Like the magnificent beauty of the fireweed the Alaska summer is fading fast into the darkness of fall and my adventure ends as quickly as it started. It seems like I just arrived at the Katmai Lodge yesterday, and today I’m back at my desk in Central Florida working on my September Fishing Forecast. Like the fireweed, my time on the Alagnak River spanned the entire summer (June, July and August), but it has left me feeling like I just awoke from wonderful dream. Living in the Alaska wilderness has its challenges, but the peace, tranquility and oh yes the fishing are something everyone should experience first hand.
We all know a picture speaks louder than words, so please follow the link below to my photo gallery on my website and see for yourself: https://www.irl-fishing.com/gallery/2018-katmai-lodge-alaska-photo-gallery.
Orlando Area and the Mosquito Lagoon Coastal Fishing Forecast for September 2018
Let me begin this forecast by wishing everyone a happy and safe Labor Day weekend, and while we are enjoying the end of summer, let’s not forget those in service of our great country who are on duty for our freedom and safety.
I’m often asked the question, what is the best time of year to catch trophy redfish? Well, the answer is right now. September is the month the breeder redfish school up for the spawn in the Mosquito, Banana River and Indian River Lagoons as well as inlet passes of Ponce and Sebastian, so it’s a good time to target these breeder fish. September also marks the beginning of the fall bait migration, primarily silver mullet, which increase as we progress into October and November. It is hard to predict precisely when and how strong the run will be, but along with the arrival of the bait, come the predatory species we love so much. My lure selection for these breeder schools this time of year is a DOA Bait Buster with a single hook instead of trebles. I like the shallow runner in natural mullet colors when the school is near the water’s surface and the deep runner when fishing the deeper water of the inlets and near-shore.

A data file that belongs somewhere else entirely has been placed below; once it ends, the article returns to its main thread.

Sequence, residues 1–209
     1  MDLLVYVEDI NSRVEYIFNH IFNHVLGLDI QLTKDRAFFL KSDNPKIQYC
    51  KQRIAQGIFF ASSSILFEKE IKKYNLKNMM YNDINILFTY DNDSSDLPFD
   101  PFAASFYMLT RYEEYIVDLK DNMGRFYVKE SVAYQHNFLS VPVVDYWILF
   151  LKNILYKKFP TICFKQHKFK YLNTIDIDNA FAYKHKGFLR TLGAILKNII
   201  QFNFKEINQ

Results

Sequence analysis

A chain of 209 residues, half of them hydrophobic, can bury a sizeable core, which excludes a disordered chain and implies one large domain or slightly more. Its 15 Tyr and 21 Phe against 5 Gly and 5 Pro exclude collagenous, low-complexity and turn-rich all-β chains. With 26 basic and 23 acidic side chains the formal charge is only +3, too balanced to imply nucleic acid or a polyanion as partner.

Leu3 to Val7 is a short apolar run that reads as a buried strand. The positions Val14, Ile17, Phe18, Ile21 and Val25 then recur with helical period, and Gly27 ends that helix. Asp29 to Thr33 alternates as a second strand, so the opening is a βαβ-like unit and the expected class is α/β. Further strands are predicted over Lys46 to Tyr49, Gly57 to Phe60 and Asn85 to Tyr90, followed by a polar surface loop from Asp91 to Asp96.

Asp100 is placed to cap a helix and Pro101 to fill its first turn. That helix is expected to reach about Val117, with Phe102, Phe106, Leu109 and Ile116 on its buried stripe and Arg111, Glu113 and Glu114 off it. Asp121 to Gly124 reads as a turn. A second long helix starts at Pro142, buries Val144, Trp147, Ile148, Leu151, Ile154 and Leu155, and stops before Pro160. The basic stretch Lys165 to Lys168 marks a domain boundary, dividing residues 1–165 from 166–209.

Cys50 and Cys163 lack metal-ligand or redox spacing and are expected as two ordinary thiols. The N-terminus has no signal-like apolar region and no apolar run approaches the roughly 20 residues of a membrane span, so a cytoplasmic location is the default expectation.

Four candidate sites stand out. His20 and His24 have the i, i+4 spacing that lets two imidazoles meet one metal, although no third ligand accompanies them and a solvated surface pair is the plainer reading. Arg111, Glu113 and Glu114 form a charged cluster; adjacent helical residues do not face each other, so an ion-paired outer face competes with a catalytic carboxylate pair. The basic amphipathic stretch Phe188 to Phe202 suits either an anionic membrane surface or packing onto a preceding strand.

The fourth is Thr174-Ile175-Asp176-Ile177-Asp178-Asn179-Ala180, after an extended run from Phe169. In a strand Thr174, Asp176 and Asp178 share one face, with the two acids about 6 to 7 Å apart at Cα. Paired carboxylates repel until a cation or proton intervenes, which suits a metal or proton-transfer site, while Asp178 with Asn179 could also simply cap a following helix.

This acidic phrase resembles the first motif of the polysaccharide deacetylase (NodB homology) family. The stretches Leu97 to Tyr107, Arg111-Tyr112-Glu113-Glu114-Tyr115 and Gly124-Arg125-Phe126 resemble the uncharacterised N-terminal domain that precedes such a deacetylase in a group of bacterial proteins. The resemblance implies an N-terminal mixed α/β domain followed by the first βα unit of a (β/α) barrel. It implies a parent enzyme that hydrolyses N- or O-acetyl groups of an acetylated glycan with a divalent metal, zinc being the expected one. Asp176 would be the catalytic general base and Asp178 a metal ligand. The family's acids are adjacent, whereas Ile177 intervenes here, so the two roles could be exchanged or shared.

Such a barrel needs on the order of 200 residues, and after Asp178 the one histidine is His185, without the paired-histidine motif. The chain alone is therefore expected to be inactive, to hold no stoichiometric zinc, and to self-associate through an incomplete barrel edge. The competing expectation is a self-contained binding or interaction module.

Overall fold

Look for snook, tarpon, jack crevalle, sharks, and large kingfish crushing bait pods along the beach. The pods are easily located by watching for fish and birds busting the bait. Once you’ve determined the direction of fish movement, usually south, simply set up in front and let them come to you. This is my preferred time of year for targeting snook and tarpon along the beach.
Near-shore, good numbers of kingfish will continue to work the beaches, wrecks and reefs. When fishing for kings, slow trolling live pogies is one of the most productive methods.
As always, if you have any questions or need more information, please contact me.
Good luck and good fishing,